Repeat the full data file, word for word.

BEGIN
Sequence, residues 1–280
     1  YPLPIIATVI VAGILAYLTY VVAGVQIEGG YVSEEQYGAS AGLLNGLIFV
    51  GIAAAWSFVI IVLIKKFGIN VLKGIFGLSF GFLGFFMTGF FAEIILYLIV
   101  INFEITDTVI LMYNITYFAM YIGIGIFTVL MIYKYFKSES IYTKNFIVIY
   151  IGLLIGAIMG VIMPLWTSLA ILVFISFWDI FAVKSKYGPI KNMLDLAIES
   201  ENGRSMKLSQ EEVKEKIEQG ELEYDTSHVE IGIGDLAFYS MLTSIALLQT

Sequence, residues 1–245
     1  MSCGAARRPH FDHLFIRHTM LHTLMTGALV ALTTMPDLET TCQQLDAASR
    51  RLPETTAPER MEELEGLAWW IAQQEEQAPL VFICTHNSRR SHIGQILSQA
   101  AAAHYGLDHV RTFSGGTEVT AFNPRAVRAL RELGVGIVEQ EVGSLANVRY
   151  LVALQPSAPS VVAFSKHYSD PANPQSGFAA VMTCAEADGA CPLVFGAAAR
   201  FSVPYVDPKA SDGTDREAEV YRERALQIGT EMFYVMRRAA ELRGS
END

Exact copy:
Sequence, residues 1–280
     1  YPLPIIATVI VAGILAYLTY VVAGVQIEGG YVSEEQYGAS AGLLNGLIFV
    51  GIAAAWSFVI IVLIKKFGIN VLKGIFGLSF GFLGFFMTGF FAEIILYLIV
   101  INFEITDTVI LMYNITYFAM YIGIGIFTVL MIYKYFKSES IYTKNFIVIY
   151  IGLLIGAIMG VIMPLWTSLA ILVFISFWDI FAVKSKYGPI KNMLDLAIES
   201  ENGRSMKLSQ EEVKEKIEQG ELEYDTSHVE IGIGDLAFYS MLTSIALLQT

Sequence, residues 1–245
     1  MSCGAARRPH FDHLFIRHTM LHTLMTGALV ALTTMPDLET TCQQLDAASR
    51  RLPETTAPER MEELEGLAWW IAQQEEQAPL VFICTHNSRR SHIGQILSQA
   101  AAAHYGLDHV RTFSGGTEVT AFNPRAVRAL RELGVGIVEQ EVGSLANVRY
   151  LVALQPSAPS VVAFSKHYSD PANPQSGFAA VMTCAEADGA CPLVFGAAAR
   201  FSVPYVDPKA SDGTDREAEV YRERALQIGT EMFYVMRRAA ELRGS